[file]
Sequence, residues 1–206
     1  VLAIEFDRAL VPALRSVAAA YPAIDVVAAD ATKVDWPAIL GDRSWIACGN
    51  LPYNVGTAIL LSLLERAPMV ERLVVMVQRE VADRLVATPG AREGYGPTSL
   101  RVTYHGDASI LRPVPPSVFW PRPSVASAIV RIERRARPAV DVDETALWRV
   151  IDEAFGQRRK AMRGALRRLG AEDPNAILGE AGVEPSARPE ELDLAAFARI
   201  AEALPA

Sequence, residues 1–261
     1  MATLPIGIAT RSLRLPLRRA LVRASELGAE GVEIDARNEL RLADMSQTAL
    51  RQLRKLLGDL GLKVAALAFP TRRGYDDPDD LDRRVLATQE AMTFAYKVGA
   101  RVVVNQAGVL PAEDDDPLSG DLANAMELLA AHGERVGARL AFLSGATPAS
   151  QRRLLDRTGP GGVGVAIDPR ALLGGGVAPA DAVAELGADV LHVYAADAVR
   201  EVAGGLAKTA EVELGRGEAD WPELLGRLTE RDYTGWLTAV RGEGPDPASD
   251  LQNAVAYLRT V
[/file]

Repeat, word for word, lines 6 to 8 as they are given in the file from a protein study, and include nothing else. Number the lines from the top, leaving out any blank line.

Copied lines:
   201  AEALPA

Sequence, residues 1–261
     1  MATLPIGIAT RSLRLPLRRA LVRASELGAE GVEIDARNEL RLADMSQTAL